therefore our value as women
is often determined by
where we are in relation
to our roles as mothers or potential mothers.
Women are constantly asked why they haven't married or,
if they are married
or why they haven't had children.
Even women who are married and have one child are asked
why they haven't had a second child?
If you are working outside the home,
the first question is,
"What about the children?"
If you are not working,
the first questions is,
"What kind of example are you setting for your child?"
"Mother Shame" is ubiquitous,
---it's a birthright for girls and for women.
However, the real struggle for women ---
what amplifies shame and regardless of the category ---
is that we are expected (and sometimes desire)
to be perfect.
Yet, the key is that we are not allowed to look like
we are trying to be perfect,
it has to look natural.
We just want it to materialize somehow,
everything should be effortless.
Like the perfect friend, or neighbor next door,
she never has to try
and she is perfect,
why not me?
The expectation is to be natural beauties,
natural mothers, natural leaders, and naturally good parents,
and we want to belong to the naturally fabulous families.
Think about how much money has been made selling products
that promise "the natural look."
When it comes to work,
we love to hear, "She makes it look so easy,"
or "She's a natural."
This web of conflicting and competing expectations
put on women dictate:
Who we should be...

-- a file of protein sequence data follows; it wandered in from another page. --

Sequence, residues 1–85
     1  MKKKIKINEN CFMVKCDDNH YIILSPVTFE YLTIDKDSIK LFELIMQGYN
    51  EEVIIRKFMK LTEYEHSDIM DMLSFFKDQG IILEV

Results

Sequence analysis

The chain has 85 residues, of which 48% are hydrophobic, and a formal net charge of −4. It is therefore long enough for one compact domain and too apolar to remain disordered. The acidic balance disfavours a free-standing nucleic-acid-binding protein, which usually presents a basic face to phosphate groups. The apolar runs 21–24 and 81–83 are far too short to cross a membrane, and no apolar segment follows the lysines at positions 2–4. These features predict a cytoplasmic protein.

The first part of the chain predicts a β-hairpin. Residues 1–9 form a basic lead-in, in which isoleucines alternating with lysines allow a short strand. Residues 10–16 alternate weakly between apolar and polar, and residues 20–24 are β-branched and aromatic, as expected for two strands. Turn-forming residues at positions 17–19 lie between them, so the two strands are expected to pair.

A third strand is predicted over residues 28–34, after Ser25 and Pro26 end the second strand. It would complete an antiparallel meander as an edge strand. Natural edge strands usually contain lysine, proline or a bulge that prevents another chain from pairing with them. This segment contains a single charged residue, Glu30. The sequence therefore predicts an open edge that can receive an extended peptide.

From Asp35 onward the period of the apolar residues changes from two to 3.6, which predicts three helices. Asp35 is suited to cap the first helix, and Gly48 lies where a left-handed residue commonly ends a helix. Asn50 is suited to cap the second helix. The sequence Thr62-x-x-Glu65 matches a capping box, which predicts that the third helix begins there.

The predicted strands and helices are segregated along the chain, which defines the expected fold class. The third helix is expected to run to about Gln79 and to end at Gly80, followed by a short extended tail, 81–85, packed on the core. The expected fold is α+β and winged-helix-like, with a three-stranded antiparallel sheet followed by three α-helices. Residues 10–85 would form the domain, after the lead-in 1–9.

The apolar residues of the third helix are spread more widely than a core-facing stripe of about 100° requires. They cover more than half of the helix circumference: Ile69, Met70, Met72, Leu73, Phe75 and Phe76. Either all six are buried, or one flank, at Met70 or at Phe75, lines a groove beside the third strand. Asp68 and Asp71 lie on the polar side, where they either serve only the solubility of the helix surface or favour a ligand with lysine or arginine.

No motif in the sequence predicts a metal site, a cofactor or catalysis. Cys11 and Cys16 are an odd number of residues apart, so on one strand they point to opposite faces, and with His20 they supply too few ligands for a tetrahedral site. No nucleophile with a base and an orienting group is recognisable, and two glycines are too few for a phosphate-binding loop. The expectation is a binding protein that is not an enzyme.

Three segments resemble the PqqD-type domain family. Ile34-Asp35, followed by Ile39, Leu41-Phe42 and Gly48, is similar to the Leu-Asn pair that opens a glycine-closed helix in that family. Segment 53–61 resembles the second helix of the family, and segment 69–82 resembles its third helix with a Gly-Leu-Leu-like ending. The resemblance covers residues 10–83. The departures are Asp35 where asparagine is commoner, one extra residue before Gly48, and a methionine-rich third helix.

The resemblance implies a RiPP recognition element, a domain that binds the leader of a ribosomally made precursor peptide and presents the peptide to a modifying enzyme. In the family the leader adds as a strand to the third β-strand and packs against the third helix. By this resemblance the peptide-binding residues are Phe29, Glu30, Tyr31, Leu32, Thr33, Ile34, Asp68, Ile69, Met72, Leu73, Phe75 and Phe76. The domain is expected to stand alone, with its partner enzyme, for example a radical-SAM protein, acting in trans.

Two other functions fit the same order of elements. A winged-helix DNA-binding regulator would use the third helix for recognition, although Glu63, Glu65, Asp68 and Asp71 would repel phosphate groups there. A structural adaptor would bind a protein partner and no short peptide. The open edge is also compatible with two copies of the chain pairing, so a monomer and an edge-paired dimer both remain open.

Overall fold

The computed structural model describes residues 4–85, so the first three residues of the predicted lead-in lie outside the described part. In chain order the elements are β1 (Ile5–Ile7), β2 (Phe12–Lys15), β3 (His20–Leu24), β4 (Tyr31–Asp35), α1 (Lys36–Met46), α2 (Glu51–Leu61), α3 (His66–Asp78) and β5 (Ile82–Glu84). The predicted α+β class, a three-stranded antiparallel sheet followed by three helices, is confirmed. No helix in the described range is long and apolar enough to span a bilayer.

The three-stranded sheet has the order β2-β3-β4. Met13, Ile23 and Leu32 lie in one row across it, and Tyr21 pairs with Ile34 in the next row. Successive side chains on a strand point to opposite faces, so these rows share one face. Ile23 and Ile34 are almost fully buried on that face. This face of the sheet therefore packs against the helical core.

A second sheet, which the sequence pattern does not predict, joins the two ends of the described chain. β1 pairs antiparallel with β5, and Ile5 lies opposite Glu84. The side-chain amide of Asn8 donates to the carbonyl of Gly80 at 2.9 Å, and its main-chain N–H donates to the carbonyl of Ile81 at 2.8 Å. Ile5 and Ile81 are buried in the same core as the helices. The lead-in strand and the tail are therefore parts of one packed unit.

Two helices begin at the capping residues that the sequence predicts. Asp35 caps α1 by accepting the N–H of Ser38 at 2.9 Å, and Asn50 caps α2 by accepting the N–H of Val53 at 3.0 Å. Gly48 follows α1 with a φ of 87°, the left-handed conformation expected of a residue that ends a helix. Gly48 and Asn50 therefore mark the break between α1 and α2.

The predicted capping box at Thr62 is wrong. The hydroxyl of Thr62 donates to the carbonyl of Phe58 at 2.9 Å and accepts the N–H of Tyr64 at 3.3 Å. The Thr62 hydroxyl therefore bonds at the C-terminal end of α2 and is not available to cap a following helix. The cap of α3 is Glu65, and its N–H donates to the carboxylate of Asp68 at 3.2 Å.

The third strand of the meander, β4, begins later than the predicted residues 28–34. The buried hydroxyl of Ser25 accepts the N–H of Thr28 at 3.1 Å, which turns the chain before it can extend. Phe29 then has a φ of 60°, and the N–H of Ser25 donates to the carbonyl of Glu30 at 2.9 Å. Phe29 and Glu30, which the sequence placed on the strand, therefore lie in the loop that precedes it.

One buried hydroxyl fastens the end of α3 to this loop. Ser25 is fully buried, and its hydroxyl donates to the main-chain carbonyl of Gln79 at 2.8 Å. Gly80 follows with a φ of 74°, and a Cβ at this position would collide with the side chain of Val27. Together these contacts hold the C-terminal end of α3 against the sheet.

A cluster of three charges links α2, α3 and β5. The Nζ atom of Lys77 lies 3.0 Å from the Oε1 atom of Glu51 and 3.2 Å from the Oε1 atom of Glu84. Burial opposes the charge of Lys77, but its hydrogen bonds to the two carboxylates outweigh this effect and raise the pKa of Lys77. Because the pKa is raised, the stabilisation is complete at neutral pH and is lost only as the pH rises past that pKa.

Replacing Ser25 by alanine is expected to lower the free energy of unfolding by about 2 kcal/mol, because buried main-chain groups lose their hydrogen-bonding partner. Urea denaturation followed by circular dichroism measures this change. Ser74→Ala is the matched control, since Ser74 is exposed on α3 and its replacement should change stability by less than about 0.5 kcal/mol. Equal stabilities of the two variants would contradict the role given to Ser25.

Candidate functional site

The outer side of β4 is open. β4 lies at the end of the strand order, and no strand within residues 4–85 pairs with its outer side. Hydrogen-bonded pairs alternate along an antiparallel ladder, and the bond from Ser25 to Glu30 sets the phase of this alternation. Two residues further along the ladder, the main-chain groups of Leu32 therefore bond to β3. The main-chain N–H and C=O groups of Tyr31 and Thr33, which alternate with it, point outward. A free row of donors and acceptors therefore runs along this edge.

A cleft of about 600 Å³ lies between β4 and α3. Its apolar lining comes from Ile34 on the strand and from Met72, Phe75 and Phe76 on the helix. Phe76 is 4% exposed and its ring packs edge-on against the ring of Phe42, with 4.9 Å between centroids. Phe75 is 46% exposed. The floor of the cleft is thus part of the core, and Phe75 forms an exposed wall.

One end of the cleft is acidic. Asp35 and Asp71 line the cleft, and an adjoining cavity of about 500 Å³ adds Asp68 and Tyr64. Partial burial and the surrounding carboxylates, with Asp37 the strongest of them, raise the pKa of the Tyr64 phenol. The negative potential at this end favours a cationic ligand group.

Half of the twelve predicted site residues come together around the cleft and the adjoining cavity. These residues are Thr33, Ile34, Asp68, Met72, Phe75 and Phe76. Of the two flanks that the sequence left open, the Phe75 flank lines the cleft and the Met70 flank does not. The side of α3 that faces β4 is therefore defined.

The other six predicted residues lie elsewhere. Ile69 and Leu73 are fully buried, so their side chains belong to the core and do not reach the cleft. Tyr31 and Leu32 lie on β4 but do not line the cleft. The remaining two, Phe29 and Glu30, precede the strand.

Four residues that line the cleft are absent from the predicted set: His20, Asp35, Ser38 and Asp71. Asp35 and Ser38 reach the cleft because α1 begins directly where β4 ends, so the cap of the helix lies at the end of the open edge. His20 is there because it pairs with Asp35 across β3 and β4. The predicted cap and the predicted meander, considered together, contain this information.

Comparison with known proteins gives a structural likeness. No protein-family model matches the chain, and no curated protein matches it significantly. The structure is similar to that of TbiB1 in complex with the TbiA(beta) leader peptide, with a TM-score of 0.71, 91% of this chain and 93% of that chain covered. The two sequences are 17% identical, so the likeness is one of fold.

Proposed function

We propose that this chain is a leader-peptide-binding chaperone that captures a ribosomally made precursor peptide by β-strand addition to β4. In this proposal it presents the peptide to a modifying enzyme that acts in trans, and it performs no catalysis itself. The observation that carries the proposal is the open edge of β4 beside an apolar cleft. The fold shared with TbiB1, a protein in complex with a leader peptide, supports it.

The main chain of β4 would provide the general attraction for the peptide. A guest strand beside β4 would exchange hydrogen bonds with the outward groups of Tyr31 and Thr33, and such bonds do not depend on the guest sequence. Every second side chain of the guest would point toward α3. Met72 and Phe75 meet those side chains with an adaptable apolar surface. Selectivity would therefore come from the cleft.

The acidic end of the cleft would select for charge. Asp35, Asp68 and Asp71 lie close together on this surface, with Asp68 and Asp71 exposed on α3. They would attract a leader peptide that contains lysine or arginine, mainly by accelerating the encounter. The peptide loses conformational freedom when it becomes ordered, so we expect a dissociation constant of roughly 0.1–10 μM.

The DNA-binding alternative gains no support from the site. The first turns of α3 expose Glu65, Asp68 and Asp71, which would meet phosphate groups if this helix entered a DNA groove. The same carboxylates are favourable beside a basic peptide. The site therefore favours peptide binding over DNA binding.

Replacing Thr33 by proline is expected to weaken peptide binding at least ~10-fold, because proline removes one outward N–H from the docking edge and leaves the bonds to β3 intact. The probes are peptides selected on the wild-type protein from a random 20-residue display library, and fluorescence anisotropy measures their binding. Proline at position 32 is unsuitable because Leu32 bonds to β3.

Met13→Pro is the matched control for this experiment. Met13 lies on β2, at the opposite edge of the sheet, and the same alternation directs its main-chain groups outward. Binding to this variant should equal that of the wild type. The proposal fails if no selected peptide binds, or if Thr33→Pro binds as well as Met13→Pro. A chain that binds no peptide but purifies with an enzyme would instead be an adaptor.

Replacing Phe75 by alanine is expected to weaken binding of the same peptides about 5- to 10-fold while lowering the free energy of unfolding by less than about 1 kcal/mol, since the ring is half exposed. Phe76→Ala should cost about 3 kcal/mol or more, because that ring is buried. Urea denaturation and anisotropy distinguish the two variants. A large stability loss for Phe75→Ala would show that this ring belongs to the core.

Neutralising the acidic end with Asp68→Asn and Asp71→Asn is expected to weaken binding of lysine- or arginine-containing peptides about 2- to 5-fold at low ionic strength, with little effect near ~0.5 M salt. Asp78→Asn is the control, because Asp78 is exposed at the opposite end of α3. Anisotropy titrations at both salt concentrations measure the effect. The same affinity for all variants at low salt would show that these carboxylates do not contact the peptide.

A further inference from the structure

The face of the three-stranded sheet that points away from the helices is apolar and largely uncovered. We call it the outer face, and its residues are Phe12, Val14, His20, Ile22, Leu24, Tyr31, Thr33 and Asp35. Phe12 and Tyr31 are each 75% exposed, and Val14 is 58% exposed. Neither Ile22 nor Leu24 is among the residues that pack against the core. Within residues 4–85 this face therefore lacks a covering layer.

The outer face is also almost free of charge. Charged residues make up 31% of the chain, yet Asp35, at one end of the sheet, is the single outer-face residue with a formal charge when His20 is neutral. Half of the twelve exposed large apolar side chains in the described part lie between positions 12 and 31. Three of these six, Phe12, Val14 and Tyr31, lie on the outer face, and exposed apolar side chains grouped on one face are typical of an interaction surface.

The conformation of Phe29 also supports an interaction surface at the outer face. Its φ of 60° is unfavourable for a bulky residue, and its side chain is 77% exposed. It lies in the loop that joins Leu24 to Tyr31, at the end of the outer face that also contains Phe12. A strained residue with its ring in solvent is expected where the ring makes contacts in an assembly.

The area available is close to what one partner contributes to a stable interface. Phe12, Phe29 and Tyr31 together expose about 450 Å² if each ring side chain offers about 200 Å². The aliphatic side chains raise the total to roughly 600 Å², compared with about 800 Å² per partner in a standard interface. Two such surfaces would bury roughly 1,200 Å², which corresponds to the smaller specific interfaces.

What we should be...
How we should be...
Shame dictates how 'we are' based on these rules.
The way out
is to remember
our dreams, gifts, and ambitions
Every successful and happy woman
I know that I have talked about this shares
how she has to push past
so she can assert herself,
advocate for her ideas,
and feel comfortable
with her own power and gifts.
The reality is that women
still run into the demands of
"stay small, sweet, quiet and modest."
it's real and
we can embrace who we are
and our gifts.
So, societal norms aren't outdated,
even if they are reductionist
and squeeze the life out of us,
and shame is the route to enforcing those rules.
No more shame.
Shame resilience is a prerequisite for vulnerability.
It takes courage to stand still in 'your self'
and present to the world exactly who you are,
that the only one who gets to vote
about you is you.
It takes time to cultivate the practice and courage
to reach out and talk about hard things.
All you have to do is recognize who you are,
talk about life,
be vulnerable and courageous.
You don't have to master the information
before you engage in a conversation.
Do it. Start now. Talk about it with a friend.
End the shame of the "shoulds."
Remember, shame is the fear of disconnection...
Be authentic and true to yourself,
Brene Brown - Daring Greatly